TDB Banknorth and others may have voluntarily set up voice-activated ATM’s, but today doing so is no longer optional for financial institutions in the United States; it’s mandatory. That’s because, between 2004 and 2010, the U.S. Department of Justice handed down a series of rulings on the issue of voice-activated ATM’s. The result of these decisions was that, as a new stipulation of the Americans with Disabilities Act, or ADA, all banks, credit unions and other financial institutions were required to install at least one voice-activated ATM in every location where they maintained ATM’s. The deadline for these installations was set at April 30, 2012 – the deadline had originally been March 15 of that year, but was extended to give banks enough time to purchase and install these devices. (These rulings came with other requirements for ATM’s as well, including guaranteed wheelchair access.)

It’s interesting to note that the estimated cost of a single voice-activated ATM can vary widely, depending on whether you ask a financial institution or you ask an advocacy group for the visually-impaired, such as the aforementioned National Federation for the Blind. But it’s somewhere between $1,000 and $10,000. Still, whatever the cost may be, most banks found it more economical to purchase entirely new machines rather than update old ATM’s with new software and processing capabilities.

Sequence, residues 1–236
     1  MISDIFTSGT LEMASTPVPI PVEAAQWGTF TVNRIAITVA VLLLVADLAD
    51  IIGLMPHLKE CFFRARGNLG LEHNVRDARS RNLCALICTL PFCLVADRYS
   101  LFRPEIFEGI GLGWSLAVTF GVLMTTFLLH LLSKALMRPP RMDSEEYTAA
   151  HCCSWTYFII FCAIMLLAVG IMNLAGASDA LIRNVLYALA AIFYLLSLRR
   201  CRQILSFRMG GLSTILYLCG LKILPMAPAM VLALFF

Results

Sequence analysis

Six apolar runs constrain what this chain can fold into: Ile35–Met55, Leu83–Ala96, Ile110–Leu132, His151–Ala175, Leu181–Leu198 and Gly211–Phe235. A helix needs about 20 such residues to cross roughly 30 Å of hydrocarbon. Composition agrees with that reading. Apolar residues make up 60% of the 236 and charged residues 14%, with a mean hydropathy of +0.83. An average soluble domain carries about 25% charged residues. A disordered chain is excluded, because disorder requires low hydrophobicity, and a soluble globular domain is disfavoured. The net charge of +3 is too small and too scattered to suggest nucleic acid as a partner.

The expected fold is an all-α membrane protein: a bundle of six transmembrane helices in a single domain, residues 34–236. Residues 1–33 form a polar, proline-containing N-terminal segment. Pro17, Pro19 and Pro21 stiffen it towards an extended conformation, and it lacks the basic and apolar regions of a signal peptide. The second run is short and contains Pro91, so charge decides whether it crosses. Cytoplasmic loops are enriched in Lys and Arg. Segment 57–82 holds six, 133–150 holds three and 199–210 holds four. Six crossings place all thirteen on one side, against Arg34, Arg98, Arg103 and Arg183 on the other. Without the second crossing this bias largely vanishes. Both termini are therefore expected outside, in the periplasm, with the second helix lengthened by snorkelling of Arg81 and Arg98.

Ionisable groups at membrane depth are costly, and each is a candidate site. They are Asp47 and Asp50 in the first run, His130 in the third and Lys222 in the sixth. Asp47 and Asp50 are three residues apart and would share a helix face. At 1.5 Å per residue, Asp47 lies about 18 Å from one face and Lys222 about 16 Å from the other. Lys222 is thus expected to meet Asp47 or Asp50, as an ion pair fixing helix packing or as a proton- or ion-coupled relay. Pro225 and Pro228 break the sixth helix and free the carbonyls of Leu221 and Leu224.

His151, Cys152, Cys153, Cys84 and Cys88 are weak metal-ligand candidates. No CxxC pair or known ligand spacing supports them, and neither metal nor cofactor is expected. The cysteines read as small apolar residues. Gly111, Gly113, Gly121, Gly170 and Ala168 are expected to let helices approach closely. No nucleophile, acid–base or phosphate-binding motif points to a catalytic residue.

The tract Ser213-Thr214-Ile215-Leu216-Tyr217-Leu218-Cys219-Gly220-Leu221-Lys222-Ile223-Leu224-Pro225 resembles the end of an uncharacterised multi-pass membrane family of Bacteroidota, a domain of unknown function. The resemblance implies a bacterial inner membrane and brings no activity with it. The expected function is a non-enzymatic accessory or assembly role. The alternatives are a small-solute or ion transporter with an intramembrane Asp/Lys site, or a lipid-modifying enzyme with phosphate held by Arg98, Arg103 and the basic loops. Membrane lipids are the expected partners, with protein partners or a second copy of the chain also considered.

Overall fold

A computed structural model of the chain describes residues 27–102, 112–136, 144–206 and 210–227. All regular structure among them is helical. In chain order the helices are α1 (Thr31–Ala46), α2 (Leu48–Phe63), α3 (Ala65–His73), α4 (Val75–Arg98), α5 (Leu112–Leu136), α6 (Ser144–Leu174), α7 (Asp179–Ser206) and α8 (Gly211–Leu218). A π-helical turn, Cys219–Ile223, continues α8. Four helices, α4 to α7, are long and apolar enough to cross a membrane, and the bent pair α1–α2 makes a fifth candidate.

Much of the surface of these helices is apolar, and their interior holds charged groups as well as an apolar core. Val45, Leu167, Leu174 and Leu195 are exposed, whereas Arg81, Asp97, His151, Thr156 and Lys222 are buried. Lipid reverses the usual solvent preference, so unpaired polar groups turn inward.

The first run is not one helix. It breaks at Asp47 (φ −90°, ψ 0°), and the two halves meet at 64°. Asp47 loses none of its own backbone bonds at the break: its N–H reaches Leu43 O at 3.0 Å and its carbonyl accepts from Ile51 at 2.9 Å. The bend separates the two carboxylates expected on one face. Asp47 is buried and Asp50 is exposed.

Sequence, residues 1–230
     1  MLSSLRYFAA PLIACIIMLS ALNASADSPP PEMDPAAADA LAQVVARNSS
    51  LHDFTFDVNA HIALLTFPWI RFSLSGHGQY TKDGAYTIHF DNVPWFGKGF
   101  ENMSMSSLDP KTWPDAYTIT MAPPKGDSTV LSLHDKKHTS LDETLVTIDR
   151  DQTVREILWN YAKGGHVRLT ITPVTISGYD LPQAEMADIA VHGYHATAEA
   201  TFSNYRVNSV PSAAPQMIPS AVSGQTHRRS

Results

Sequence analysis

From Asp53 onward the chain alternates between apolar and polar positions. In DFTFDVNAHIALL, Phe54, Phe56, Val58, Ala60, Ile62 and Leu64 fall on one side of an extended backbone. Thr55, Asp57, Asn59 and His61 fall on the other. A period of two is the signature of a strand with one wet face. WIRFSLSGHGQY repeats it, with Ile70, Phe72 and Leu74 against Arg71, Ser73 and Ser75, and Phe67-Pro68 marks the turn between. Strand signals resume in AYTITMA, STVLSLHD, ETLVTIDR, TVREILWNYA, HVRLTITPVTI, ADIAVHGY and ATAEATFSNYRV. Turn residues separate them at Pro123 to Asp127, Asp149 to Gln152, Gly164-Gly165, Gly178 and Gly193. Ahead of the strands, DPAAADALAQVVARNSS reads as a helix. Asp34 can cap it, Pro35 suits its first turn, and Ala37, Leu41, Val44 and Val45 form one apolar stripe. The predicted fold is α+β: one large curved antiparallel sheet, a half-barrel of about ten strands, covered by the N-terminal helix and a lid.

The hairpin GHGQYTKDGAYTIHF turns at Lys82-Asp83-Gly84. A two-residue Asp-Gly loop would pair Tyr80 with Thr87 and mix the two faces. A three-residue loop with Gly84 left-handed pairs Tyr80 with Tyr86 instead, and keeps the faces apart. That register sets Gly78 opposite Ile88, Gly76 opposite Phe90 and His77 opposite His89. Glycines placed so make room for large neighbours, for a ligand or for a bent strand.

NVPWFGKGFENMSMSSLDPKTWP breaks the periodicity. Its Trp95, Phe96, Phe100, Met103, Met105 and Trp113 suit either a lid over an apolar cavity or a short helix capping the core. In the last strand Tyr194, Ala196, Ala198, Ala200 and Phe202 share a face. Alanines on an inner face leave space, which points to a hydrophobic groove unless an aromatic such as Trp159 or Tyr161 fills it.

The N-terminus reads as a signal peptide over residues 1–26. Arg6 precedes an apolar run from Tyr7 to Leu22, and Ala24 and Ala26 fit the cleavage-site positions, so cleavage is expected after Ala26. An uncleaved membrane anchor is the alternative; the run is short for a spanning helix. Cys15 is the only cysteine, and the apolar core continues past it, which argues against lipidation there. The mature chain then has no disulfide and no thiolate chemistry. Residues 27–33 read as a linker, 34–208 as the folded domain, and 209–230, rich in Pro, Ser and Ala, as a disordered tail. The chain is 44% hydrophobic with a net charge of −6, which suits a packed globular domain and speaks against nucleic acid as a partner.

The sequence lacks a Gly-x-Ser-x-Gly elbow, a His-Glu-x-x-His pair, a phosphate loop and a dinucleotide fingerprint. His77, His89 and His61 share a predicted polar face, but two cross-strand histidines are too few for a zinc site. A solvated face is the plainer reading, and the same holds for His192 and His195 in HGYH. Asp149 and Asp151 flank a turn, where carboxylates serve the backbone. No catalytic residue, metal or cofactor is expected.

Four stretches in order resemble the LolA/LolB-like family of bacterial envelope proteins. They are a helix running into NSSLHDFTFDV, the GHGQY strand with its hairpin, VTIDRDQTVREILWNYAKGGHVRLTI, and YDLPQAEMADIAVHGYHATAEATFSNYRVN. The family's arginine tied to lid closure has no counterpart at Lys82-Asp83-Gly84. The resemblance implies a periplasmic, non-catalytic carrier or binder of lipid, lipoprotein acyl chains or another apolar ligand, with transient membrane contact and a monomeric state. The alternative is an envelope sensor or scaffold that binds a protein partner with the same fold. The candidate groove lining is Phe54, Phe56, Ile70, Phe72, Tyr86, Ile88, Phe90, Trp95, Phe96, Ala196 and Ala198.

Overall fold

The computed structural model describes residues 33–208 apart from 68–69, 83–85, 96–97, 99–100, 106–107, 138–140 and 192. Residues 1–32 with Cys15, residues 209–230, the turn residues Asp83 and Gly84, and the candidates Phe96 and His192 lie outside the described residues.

Financial institutions which are not in compliance with the ADA’s voice-activated ATM standards risk lawsuits and other disciplinary measures. Still, in many parts of the country, some banks have yet to fully comply with the new law. In 2012, for instance, a visually-impaired, 30-year-old man name Robert Jahoda filed federal lawsuits against several banks in his home state of Pennsylvania, as well as a bank in Ohio, because they had not yet equipped their facilities with voice-activated ATM’s. Further, a Boston-based consumer protection website called Consumer World conducted a study one month after the voice-activated ATM law’s April 2012 deadline. Consumer World’s researchers traveled around Boston, plugging headphones into random samplings of ATMs all over the city. And the results of this survey were not too impressive: at least a quarter of the automatic teller machines that these researchers tried out did not have a voice activation capacity.


Senate Passes ATM Fee Disclosure Bill H.R. 4367

Senate Passed ATM Fee Disclosure Bill

It was announced late Tuesday evening, December 11, 2012 that the Senate passed bill H.R. 4367, the bill to end the ATM dual fee notification requirement under Regulation E and protect ATM operators from frivolous lawsuits.

This bill will now be passed on to President Obama and will be effective upon his signature.

Note that it is still critical that signage be affixed to every ATM Machine and photo’s be taken with date-stamp (to keep on file) should any lawsuit be filed prior to the bill becoming law.  Proof of installed placards (signage) is your security to prove you installed it and vandals or others removed it to file the suit.  ATM operators must continue to protect themselves until this bill actually becomes law.  Visit our blog to keep informed of any new development.

For a rundown of Regulation E and Bill 4367 watch the presentation below.